TANF gives out over 18 billion dollars, and helps thousands of needy families.

Temporary Assistance for Needy Families
The TANF Program

The TANF program was established by Congress in 1996, and was implemented to replace the Aid to Families with Dependent Children welfare program. In 2008, it is estimated that the Federal government will dedicate $20.9 billion dollars to the TANF block grant program.

The TANF block grant program is viewed as one of the most successful federal government grant programs in many years. The number of individual cash recipients has dropped by 60% since the start of the program, and the monthly earnings of those employed increased 49% over the five year period from 1996 to 2001.

These grants enable States to provide short term grant money to families in need. The goal of this program is to help those families with children in promoting employment, self-sufficiency and responsibility. The targeted funding is designed to ensure that children can be effectively cared for in their own homes or in those of their relatives, to minimize parental dependence on government subsidies and funds in the promotion of job skills and training, to encourage and support two parent families, and to help reduce the frequency of out-of-wedlock pregnancies.

The TANF program is federally funded as a Block Grant. The Federal government provides States with funds so that the States themselves can design, implement and operate their TANF programs to suit the States' needs. It is the States' responsibility to ensure that their programming meets the targeted goals of the TANF program.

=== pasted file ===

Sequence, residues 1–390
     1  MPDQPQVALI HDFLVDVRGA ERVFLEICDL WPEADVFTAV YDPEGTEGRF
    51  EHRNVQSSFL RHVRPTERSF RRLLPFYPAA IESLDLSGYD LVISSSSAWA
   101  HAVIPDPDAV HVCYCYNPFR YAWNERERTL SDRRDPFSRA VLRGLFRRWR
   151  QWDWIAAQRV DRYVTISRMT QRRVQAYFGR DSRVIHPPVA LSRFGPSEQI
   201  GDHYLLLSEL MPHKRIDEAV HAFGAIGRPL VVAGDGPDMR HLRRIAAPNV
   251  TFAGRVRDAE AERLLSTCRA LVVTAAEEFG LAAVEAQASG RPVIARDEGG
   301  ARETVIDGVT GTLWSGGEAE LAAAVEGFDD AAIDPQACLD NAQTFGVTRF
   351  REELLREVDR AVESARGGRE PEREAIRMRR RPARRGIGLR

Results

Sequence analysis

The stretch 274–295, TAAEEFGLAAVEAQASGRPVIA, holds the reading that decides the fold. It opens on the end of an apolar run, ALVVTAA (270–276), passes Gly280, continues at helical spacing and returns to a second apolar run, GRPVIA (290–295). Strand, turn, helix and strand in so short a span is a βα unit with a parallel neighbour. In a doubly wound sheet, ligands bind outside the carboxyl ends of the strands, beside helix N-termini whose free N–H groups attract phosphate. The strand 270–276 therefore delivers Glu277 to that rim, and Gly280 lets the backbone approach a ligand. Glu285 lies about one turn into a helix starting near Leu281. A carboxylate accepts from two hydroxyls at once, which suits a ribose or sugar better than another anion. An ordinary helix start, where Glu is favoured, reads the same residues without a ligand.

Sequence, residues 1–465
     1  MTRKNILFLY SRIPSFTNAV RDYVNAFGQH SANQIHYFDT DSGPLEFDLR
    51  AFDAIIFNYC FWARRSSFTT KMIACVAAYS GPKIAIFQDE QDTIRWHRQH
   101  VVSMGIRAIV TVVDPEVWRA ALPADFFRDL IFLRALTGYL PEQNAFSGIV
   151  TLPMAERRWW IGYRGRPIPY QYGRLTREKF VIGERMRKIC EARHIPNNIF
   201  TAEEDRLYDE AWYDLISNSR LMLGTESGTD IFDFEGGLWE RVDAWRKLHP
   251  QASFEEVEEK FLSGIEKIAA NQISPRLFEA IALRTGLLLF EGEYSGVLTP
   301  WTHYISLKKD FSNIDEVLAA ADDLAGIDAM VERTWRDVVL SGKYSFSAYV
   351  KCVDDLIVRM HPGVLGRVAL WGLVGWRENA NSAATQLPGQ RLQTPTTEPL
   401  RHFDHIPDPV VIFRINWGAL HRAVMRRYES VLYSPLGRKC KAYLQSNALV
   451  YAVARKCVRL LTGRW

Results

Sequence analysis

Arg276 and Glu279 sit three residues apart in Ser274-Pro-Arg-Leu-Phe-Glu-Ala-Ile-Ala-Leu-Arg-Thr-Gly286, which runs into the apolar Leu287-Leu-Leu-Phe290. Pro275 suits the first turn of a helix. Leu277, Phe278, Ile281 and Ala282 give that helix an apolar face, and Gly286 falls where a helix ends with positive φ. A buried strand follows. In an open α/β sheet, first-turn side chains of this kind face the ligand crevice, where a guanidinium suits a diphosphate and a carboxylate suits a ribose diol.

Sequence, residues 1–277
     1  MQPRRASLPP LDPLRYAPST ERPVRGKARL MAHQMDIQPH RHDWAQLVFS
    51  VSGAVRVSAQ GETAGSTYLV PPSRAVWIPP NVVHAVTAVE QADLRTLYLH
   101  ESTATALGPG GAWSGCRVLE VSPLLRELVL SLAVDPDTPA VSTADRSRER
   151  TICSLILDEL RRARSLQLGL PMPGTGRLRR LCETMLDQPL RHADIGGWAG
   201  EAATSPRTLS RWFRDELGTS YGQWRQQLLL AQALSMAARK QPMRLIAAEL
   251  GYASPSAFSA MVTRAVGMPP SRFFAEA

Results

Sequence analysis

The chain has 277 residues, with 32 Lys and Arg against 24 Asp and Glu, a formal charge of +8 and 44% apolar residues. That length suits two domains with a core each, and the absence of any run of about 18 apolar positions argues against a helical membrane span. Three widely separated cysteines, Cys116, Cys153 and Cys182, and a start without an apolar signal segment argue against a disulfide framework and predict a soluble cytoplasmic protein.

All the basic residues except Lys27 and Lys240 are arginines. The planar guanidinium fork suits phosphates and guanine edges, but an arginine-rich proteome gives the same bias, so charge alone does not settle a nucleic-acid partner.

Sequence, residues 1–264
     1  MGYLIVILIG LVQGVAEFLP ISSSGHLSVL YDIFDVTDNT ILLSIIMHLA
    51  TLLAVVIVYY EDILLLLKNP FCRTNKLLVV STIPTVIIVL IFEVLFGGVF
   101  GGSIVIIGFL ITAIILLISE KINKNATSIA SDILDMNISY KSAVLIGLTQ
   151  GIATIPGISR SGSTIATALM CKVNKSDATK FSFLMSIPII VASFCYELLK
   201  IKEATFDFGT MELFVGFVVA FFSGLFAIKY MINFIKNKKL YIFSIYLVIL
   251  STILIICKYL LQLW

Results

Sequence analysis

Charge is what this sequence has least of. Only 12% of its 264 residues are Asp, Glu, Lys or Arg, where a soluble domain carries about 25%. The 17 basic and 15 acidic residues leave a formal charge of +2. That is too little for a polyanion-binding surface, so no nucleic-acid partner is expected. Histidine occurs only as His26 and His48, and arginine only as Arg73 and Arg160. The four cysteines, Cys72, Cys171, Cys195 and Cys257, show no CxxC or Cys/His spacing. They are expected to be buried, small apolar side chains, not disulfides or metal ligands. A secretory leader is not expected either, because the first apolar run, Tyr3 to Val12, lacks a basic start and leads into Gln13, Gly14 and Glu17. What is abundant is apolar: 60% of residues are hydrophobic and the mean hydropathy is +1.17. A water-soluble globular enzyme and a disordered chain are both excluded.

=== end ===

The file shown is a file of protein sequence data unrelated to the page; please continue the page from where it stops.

Only States can apply for TANF grant funding. Every State then operates it's own programs. The State determines eligibility requirements for individuals accessing the grant funds, but typically grant funds are supplied as work training opportunities, direct cash grants, and other direct assistance to families in need.

Typical eligibility requirements for TANF funding include being pregnant or responsible for a child under the age of 19, have a low income, and be under employed, unemployed or soon to be unemployed.

Those seeking TANF funding should do so at their State level. Learn more about the TANF program. The country has been divided into sections with regard to Health and Human Services, most of which include several States. Find where your regional HHS office is located.

At the federal level, the TANF program is run by the U.S. Department of Health and Human Services through the Administration for Children & Families. The program is overseen by the Office of Family Assistance.

A multitude of low income government grant programs exist to help all Americans. Learn more about the Able Government Grant Resource and how it can help you find the grant programs you need.

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Able Government Grants Guide




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